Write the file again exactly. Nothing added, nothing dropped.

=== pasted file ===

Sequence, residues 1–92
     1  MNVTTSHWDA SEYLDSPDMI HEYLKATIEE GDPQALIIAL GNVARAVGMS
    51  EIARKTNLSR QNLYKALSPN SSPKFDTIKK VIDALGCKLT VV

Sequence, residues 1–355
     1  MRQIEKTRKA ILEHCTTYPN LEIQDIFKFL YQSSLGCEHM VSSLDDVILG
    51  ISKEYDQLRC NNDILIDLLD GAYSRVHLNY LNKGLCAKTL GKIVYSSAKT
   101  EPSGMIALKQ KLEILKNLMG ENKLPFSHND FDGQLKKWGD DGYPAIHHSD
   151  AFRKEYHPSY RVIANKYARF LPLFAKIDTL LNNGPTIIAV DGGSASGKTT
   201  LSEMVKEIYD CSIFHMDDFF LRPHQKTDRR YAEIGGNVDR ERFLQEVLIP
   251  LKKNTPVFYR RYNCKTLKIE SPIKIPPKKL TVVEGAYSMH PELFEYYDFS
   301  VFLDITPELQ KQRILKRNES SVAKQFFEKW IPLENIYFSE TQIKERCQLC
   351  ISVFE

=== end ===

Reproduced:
Sequence, residues 1–92
     1  MNVTTSHWDA SEYLDSPDMI HEYLKATIEE GDPQALIIAL GNVARAVGMS
    51  EIARKTNLSR QNLYKALSPN SSPKFDTIKK VIDALGCKLT VV

Sequence, residues 1–355
     1  MRQIEKTRKA ILEHCTTYPN LEIQDIFKFL YQSSLGCEHM VSSLDDVILG
    51  ISKEYDQLRC NNDILIDLLD GAYSRVHLNY LNKGLCAKTL GKIVYSSAKT
   101  EPSGMIALKQ KLEILKNLMG ENKLPFSHND FDGQLKKWGD DGYPAIHHSD
   151  AFRKEYHPSY RVIANKYARF LPLFAKIDTL LNNGPTIIAV DGGSASGKTT
   201  LSEMVKEIYD CSIFHMDDFF LRPHQKTDRR YAEIGGNVDR ERFLQEVLIP
   251  LKKNTPVFYR RYNCKTLKIE SPIKIPPKKL TVVEGAYSMH PELFEYYDFS
   301  VFLDITPELQ KQRILKRNES SVAKQFFEKW IPLENIYFSE TQIKERCQLC
   351  ISVFE